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The Renters Reform Bill -Will it become Law?

View profile for Daniel Crook
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Government Intentions

There has been much recent speculation in the press and amongst opposing politicians as to whether the intended Renters Reform Act will receive Royal ascent, without having been watered down by a raft of potential changes.

To recap, the Bill was intended, to readdress the power balance between Landlords and Tenants. The pendulum seems to swing back and forth between the parties, with the assertion that the prevailing Housing Act 1988 favoured the Landlord’s position too much.

When Housing Secretary Michael Gove’s Department published the bill in May 2023 it contained wording to abolish Section 21 ‘no-fault’ evictions. The idea behind it was to give people more security in their homes, encourage decent home standards, whilst giving tenants the right to have a pet and a dedicated Renting Ombudsman to deal with complaints.

Parliament has struggled to strike the right balance between providing the suggested level of security for tenants, whilst also being fair to Landlords. Landlords have fears that by banning fixed-term rental tenancies and replacing them with periodic tenancies that have no end date, they will have genuine difficulties in re-securing their properties. The unintended consequence said by Landlords, is that the Bill, would encourage them to withdraw their properties from the rental sector – in a time where there is already a chronic shortage of rental stock – and record high rents.

Court Reform

There are now rumblings that the Government’s manifesto promise to end Section 21 no-fault evictions might be abandoned. In the alternative, it is reported that no-fault evictions may now only apply to new tenancies, until such time as the Ministry of Justice can bring its promised Court improvements into fruition. The Courts are still experiencing considerably delays in processing Court claims generally, which only adds to Landlords’ concerns that they will be unfairly prejudiced, if they seek  repossession orders against defaulting tenants.

The key areas for improvement of the court system are said to include digitising more of the court process to make it simpler and easier for landlords to use, whilst exploring the prioritisation of certain cases, including anti-social behaviour.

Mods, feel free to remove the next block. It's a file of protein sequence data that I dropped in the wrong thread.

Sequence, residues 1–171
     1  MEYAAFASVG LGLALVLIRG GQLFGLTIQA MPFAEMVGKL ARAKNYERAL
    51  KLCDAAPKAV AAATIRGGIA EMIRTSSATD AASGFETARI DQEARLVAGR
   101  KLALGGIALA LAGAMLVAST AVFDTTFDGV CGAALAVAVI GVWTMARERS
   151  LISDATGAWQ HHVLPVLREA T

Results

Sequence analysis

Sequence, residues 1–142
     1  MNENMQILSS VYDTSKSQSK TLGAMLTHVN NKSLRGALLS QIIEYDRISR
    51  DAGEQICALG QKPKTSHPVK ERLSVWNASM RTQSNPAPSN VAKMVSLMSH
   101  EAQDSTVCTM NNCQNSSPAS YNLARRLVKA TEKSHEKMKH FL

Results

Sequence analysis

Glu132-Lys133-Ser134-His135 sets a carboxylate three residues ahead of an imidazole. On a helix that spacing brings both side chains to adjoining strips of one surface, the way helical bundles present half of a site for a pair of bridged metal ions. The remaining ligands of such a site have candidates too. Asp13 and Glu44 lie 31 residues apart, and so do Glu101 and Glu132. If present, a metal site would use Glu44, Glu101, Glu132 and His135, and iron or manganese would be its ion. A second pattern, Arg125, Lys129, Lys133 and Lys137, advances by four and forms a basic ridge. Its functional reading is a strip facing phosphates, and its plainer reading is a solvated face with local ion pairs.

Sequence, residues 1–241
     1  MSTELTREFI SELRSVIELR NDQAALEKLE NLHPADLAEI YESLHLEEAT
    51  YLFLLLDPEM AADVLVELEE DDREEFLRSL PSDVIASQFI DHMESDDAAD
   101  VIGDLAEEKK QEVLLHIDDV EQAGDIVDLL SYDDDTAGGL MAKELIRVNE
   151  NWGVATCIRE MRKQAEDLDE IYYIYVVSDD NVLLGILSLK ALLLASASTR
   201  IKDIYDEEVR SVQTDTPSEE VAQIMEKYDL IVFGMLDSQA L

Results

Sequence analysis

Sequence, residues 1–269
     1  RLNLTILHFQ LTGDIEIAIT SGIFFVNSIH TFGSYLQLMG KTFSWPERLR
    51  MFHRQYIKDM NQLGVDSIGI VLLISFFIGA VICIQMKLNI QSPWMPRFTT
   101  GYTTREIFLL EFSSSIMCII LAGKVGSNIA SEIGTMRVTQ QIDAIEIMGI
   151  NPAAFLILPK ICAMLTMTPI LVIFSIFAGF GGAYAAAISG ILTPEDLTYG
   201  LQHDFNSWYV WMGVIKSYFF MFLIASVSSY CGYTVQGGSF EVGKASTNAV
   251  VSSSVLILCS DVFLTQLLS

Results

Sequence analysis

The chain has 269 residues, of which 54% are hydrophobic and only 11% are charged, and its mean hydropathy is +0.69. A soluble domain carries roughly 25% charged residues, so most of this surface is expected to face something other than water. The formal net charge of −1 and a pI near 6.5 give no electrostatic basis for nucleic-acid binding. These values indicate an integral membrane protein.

What next?

The Bill is set to return to Parliament after the Easter recess.

Although we consider it likely that the Bill including provision for the abolition of no-fault evictions will be enacted, there may not be sufficient parliamentary time to pass it this side of any election.  The Labour party (who it appears is extremely likely to form the next Government), have insisted they will ensure that the Bill, or similar will become law.

At that stage it is currently intended that due to transitional arrangements in the bill ‘no-fault’ evictions will still only come to fruition some 18 months after Royal Ascent - potentially therefore in 2026.

Once no-fault evictions are abolished Landlords will have to rely on an ‘’enhanced’ Section 8 process to secure possession. These include wishing to sell the property, allowing family members to move in, wishing to redevelop the property, or the landlord, being the subject of enforcement action requiring them to repossess it to address the enforcement issues.  As before should rents be outstanding or their be satisfactory evidence of Anti-Social behaviour the Landlord can also proceed under the Section 8 process.

Whether you are a Landlord who wishes to discuss the options open to you now, or upon the Bill becoming law, or a tenant unsure of how the provisions will impact on you please speak to one of our litigation solicitors at our offices in Ashford, Cranbrook or Hythe today by calling 01233 624545 or fill in our enquiry form at our website to request a call back.

The Renters Reform Bill -Will it become Law?

View profile for Daniel Crook
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